QuesoPosted: August 2, 2013
I’m a Texan so when I think of chile con queso I automatically think of Velvetta and Rotel. I’m perfectly fine with admitting that. That stuff tastes good. Normally, I would look down my nose at a processed “cheese food” product, but it really is essential for the smooth texture of a Texas-style queso.
I would love to create the perfect Texas-style queso without using processed cheese. I have tried. Over the years, I have made many different versions. Some turned out well, some didn’t. This particular version turned out fine, maybe even better than fine. I even reheated leftovers in the microwave the next day and it was still fine. Sometimes when using “real” cheese to make queso it can clump up or become a stringy, greasy mess. I didn’t have that problem with this version. Make sure to lower the heat and stir a lot to make the queso smooth (although it won’t be smooth like a queso made with processed cheese). You can add more milk if needed.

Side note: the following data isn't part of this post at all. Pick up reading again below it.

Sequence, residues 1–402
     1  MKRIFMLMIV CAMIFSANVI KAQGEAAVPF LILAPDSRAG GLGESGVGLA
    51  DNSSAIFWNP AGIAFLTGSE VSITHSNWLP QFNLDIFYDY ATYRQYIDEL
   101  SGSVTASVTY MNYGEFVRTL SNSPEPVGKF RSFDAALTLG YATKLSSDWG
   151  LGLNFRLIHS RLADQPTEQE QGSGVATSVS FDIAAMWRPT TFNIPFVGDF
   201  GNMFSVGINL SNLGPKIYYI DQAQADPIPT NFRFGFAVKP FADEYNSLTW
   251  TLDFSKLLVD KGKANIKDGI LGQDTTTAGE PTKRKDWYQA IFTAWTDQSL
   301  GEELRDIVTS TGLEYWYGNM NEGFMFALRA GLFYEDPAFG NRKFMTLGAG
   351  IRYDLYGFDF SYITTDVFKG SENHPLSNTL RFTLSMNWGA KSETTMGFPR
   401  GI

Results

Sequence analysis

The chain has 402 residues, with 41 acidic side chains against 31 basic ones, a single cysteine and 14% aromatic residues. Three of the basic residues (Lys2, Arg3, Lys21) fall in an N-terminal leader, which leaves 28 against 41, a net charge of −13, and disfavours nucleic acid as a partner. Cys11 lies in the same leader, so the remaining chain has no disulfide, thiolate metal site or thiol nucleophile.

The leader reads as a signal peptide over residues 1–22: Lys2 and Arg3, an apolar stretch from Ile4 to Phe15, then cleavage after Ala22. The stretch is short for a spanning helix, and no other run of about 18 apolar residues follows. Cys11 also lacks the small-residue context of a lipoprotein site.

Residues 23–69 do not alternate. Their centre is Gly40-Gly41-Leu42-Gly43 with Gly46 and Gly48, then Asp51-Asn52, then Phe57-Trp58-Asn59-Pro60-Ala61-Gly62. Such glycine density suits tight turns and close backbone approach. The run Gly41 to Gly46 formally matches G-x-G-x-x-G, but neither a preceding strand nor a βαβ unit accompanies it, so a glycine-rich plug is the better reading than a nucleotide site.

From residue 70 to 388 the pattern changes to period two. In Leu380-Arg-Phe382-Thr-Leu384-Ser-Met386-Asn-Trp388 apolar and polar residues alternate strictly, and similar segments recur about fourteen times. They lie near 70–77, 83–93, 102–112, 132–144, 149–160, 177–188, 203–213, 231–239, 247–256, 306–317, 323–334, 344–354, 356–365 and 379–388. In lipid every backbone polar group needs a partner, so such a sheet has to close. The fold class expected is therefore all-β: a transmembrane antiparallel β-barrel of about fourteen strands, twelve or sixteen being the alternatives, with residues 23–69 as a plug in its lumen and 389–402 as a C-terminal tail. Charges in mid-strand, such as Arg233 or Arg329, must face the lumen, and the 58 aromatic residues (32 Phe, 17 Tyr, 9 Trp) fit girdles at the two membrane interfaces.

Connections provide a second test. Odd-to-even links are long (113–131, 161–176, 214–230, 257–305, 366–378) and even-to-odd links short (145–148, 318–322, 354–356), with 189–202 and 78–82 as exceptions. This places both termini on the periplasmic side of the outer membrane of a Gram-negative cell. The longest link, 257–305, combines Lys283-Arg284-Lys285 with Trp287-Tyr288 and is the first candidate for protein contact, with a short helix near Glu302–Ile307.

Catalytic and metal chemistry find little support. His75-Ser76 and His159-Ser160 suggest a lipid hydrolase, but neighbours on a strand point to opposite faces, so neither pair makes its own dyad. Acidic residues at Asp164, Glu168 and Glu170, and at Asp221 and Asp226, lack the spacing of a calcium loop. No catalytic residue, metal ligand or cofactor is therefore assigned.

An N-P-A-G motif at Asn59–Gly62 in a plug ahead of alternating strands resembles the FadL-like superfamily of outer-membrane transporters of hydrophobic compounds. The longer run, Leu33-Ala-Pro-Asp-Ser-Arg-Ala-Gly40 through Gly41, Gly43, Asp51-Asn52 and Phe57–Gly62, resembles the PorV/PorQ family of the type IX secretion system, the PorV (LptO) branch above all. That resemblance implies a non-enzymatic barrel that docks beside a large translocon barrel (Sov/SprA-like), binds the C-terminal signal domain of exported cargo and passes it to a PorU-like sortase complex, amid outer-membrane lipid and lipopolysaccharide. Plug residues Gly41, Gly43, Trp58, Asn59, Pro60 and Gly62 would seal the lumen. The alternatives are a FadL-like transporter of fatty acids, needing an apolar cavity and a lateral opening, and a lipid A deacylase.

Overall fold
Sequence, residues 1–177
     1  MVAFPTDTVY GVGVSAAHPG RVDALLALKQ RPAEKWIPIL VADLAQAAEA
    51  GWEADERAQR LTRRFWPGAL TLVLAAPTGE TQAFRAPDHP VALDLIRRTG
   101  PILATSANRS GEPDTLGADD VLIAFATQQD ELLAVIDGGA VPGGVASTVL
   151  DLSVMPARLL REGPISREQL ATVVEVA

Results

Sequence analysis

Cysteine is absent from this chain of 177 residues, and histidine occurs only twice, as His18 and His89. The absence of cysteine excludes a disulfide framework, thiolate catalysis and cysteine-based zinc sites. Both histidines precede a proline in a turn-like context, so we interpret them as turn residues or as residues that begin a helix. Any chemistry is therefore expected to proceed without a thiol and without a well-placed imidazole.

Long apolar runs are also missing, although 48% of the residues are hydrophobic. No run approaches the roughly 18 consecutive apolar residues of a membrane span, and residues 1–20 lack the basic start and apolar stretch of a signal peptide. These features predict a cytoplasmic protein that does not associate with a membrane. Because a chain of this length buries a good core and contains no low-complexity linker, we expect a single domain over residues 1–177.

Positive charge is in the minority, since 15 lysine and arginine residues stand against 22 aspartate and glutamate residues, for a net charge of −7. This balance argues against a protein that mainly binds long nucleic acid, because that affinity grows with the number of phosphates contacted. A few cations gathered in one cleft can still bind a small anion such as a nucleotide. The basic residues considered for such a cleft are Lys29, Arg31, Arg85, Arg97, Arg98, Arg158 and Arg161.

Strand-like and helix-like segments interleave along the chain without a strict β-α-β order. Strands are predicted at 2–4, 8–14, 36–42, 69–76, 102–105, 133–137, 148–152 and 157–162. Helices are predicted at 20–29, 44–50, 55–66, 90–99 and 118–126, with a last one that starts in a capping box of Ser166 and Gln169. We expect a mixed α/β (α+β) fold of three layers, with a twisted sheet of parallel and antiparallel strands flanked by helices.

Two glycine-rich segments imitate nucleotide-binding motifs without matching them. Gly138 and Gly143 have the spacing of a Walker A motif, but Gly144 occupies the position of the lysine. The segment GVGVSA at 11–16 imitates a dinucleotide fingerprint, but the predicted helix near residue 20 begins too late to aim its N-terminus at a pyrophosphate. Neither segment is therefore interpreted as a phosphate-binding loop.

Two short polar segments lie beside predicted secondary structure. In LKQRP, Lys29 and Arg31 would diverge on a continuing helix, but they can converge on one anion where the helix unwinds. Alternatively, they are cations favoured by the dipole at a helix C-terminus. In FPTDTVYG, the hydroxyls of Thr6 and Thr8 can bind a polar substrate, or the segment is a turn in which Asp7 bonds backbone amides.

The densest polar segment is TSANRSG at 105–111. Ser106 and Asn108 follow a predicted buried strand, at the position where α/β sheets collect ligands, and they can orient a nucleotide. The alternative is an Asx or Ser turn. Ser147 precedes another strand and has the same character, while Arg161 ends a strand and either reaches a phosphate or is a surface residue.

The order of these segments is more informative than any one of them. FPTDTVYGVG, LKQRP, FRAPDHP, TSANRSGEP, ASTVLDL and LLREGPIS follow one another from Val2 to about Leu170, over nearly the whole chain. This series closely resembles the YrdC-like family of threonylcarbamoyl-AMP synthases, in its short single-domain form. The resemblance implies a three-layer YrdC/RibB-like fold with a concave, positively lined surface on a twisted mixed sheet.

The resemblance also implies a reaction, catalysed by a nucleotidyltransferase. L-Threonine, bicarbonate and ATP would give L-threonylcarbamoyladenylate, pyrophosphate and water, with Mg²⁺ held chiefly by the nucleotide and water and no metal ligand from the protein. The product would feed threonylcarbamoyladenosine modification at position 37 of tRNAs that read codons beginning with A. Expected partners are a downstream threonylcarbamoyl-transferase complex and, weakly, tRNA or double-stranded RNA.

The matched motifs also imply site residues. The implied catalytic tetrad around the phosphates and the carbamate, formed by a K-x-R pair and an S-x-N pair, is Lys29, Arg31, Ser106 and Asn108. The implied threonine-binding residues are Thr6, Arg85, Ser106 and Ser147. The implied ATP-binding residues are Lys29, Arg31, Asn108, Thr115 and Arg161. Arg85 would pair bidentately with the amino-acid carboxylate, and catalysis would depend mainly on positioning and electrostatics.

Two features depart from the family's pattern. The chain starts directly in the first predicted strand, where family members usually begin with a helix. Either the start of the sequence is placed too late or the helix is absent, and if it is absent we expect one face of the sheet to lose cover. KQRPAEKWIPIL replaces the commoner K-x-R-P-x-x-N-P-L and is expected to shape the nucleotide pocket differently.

I love chunks of fresh avocado (and even pico de gallo) in my queso. You can add other ingredients like black beans, chili, chopped fajita meat, or cooked ground beef to make the queso a little more substantial.
1 tablespoon canola oil
1 small onion, finely chopped
2 jalapenos, seeded and finely minced (you can substitute pickled jalapeno or roasted poblanos)
1 medium tomato, peeled, seeds removed, and finely chopped (or use1 – 2 tablespoons canned diced tomatoes)
4 teaspoons flour
8 ounces of cheddar and monterey jack cheese, shredded
1/2 cup milk
1/4 cup fresh cilantro, chopped
In a bowl, toss the cheeses with the flour and set aside. In a skillet, heat the oil over medium-high. Add the onion and jalapeno and cook until soft, about 5 minutes. Add the tomatoes and then stir in the cheese and milk. Lower the heat to low and cook, stirring, until the cheese melts, about 5 minutes. Stir in the cilantro and serve immediately with tortilla chips.